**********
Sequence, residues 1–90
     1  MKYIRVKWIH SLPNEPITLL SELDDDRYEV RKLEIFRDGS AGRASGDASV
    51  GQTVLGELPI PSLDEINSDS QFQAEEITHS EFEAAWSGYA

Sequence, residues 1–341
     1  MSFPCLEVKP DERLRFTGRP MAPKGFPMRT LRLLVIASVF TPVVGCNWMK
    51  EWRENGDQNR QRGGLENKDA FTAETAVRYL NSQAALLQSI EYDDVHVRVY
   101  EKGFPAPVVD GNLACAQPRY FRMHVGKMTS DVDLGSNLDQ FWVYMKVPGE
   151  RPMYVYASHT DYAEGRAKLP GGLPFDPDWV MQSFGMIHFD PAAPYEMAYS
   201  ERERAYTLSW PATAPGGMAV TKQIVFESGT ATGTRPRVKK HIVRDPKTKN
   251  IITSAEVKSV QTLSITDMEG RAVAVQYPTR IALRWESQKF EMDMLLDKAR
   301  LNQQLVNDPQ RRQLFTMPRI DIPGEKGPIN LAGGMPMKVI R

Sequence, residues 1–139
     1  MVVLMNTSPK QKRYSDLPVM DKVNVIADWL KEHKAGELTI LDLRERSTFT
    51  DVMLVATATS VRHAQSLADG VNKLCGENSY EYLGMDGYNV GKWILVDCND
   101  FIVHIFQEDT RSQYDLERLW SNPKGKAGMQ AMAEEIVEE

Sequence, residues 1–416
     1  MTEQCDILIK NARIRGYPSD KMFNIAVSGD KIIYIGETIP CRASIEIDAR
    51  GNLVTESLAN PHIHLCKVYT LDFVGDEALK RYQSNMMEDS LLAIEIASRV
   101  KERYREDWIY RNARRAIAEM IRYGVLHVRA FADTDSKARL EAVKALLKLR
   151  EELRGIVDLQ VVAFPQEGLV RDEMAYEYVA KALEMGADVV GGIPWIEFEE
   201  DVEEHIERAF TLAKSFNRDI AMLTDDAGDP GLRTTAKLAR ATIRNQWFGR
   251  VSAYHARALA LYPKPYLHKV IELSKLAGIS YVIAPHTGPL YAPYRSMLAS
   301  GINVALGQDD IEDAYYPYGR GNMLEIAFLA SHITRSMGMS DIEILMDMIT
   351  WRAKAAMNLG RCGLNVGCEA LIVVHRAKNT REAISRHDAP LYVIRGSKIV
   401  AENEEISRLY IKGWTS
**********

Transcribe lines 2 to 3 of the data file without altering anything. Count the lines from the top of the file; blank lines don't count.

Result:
     1  MKYIRVKWIH SLPNEPITLL SELDDDRYEV RKLEIFRDGS AGRASGDASV
    51  GQTVLGELPI PSLDEINSDS QFQAEEITHS EFEAAWSGYA